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Paula Hyman, RIP

I’ve been aboard the USS Abraham Lincoln for the past week or so and completely offline, and so I was saddened to learn that Paula Hyman passed away this past week. While a review of a book Hyman co-authored  in 1976 received a not too favorable COMMENTARY review, Hyman was a pillar of Jewish life at Yale University. According to the obituary in the Yale Daily News:

Hyman came to Yale in 1986 as the Lucy Moses Professor of Modern Jewish History. She served as the chair of the Judaic Studies program for 13 years, and remained active despite her illness, advising six of 15 current graduate students. Hyman published extensively on topics including the history of Jewish women, Jewish feminism and French Jewry and served as president of the American Academy for Jewish Research.

An unavowed feminist, Hyman was particularly active in seeking to reform the place of women in Conservative Judaism in the 1980s. Looking back at my nine years at Yale, I regret not taking any of Hyman’s courses. Along with Gaddis Smith, Paul Kennedy, Jonathan Spence, the late Robin Winks and the recently deceased David Montgomery, she enjoyed a reputation among both students and faculty during my time at Yale as a truly great teacher. Alas, it was only after I finished my coursework that I came to know Hyman, and it was only during my own rare visits to Yale when we would cross paths that we would chat.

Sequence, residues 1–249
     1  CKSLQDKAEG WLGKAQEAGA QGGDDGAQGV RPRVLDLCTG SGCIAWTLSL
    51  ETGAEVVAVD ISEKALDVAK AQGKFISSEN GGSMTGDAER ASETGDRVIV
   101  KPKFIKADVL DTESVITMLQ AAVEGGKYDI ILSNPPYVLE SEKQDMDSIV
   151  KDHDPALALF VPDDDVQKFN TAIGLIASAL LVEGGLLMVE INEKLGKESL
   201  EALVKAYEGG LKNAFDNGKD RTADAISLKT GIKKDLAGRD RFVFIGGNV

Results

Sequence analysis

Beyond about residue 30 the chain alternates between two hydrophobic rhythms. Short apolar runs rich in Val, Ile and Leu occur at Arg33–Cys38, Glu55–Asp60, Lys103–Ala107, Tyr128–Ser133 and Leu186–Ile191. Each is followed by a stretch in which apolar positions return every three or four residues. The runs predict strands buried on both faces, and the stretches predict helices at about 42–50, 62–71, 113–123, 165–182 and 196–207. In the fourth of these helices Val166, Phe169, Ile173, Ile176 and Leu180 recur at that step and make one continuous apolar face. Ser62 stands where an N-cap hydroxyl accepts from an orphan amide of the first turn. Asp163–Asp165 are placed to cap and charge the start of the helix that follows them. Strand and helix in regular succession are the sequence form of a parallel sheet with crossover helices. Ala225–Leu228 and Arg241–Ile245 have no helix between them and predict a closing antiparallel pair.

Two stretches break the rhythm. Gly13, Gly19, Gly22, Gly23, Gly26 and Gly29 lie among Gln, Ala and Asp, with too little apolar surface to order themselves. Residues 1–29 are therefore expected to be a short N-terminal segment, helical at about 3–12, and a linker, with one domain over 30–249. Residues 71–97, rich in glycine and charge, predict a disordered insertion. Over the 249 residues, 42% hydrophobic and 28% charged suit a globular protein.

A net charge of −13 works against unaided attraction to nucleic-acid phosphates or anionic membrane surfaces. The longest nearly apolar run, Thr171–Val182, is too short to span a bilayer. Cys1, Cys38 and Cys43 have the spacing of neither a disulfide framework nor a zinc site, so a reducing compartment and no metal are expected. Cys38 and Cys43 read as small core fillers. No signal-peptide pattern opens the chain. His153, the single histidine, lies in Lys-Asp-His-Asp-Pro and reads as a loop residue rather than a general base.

While we never discussed Yale politics, she was an important voice. As Yale’s history department has lurched ever more toward trendy theory and away from traditional research, and as Yale’s faculty more generally have become increasingly politicized, Hyman remained a voice for sanity. Her politics may have been more to the left than the right, but she was a traditional academic who valued research, reasoned argument, and had little tolerance for those who allowed their own personal politics to corrupt their research. During the Juan Cole debacle, Hyman was a voice of sanity and defended the decision—wise in hindsight given Cole’s decline—to decline him an offer.

Yale will be far worse off with her loss. May she rest in peace.


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